Feature: Decay fuels Harare's cholera resurgence

Perennial sewer blockages in urban residential areas have also been noted amid the sprouting of illegal settlements, providing breeding ground for the outbreak of diseases

A deadly combination of a collapsing health sector, water shortages, crumbling sewer reticulation infrastructure as seen in constant pipe bursts and the never-ending economic crisis has seen Zimbabwe attracting long-forgotten medieval diseases such as cholera and polio.

The country has, since 2008, been battling recurring cholera outbreaks with the responsible authorities failing to contain the disease.

Zimbabwe has recorded more than 6 000 confirmed cholera cases and 120 suspected cholera-related deaths.

Cholera is now endemic in Harare, a city which has been one of the cholera hotspots in the country since the deadly 2008 outbreak.

Harare City Council epidemiologist Michael Vere said it was not surprising that the capital was a cholera hotspot because the city’s water was contaminated.

"A majority of cholera cases, 90%, are recorded from the western district,” Vere said during a neglected tropical diseases workshop for health journalists in Harare last week.

“All effluent from the capital city is deposited in the western district thereby contributing to the incidence of water borne diseases there.”

Glen View, Glen Norah, Budiriro, Highfield, Mufakose and surrounding farms make up the western district and they are usually the main cholera hotspots in the city.

Vere said hygiene in males was lower as compared to females, and this contributed to re-emergence of diseases that are linked to hygiene.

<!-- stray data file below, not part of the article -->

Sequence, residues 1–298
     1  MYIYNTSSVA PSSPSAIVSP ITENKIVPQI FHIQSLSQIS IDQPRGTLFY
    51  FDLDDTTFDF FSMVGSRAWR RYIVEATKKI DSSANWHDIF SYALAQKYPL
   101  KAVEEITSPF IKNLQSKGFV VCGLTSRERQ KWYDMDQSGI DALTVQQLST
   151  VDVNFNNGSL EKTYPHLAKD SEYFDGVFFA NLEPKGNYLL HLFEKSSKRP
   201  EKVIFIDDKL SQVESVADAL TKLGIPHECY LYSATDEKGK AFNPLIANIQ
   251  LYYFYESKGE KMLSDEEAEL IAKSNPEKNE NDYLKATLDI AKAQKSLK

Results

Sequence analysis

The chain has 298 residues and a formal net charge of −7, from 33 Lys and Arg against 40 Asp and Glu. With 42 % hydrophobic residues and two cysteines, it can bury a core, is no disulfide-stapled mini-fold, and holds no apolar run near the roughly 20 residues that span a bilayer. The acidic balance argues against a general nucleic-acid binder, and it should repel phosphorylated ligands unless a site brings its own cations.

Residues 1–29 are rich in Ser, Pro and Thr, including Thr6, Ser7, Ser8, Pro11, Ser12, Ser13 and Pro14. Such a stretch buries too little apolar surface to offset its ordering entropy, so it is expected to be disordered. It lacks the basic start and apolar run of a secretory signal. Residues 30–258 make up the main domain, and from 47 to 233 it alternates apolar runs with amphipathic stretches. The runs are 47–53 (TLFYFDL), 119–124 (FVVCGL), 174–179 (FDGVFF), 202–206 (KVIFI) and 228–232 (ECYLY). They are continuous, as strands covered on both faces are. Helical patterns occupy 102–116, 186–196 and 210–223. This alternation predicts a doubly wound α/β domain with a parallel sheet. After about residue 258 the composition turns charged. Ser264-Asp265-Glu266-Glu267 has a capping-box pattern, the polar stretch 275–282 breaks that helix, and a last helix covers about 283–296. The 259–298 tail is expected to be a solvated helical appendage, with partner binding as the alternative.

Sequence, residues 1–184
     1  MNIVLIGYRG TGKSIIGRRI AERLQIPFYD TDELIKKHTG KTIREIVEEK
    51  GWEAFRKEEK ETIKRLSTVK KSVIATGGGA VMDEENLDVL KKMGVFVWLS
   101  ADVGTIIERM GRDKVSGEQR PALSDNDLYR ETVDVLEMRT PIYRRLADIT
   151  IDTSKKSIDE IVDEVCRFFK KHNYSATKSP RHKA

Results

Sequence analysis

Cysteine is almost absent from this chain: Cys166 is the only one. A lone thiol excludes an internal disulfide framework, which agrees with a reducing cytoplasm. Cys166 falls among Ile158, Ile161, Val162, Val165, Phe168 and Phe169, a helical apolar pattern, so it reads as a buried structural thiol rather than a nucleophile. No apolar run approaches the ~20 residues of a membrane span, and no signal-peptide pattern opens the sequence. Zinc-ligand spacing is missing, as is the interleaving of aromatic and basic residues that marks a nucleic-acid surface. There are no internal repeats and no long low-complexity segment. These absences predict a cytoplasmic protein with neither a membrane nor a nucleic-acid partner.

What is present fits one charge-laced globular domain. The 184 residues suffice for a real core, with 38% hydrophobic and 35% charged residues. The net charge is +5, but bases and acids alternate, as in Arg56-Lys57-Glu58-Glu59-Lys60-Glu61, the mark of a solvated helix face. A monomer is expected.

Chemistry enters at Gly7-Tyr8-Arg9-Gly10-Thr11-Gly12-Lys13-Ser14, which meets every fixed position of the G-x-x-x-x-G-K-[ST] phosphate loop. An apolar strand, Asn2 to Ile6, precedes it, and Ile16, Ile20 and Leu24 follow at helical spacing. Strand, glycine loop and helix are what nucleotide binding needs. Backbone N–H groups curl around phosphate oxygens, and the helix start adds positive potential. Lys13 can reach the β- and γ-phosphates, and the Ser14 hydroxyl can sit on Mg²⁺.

He said poor hygiene in males was evident in the disparity of cholera infection being higher in men.

“More men are infected with cholera as compared to women, with 58% of males and women at 42%,” Vere said.

“Hygiene levels need to be noted in men.

“As a council, we are now taking the messages to areas where men converge.”

Vere said the city's challenges in eliminating water borne diseases outbreaks also originate from the main water source, Lake Chivero, which is highly polluted.

"As a result of that (high pollution) cleaning the water is now very expensive, requiring millions of United States dollars,” he said.

“The city is producing a third of the required water.

“The chemicals are expensive. Residents are billed in local currency, yet chemicals are purchased in US dollar terms.

“Major sewerage bursts occur, with a perennial burst in Glen View requiring US$16m to repair.”

A number of suburbs in the capital are going for days without running water, forcing residents to turn to unsafe water sources and untreated borehole water.

Some individuals are also selling untreated water from unknown sources, further exposing residents to diseases.

Vere pinned hopes on the yet to be commissioned Kunzvi Dam in Mashonaland East for an end to the perennial water shortages and inevitable disease outbreaks in the city.

“Some boreholes are contaminated with sewer which needs a purifier installed,” Vere said, adding: “In the western district, 100% of the wells are contaminated and 50% of boreholes are contaminated as well. The Tichagirika shops borehole in 2018 was a source of cholera outbreak.” 

In a recent situational report on cholera, the United Nations Children’s Emergency Fund said Zimbabwe’s ability to deal with the unfolding humanitarian crisis was in doubt.

“Currently the country is experiencing an outbreak of cholera since February 12, 2023,” the report reads.

“Compounding the situation is the rapid population growth in urban settings which has resulted in communities settling in areas which are not serviced with water and proper sewer systems.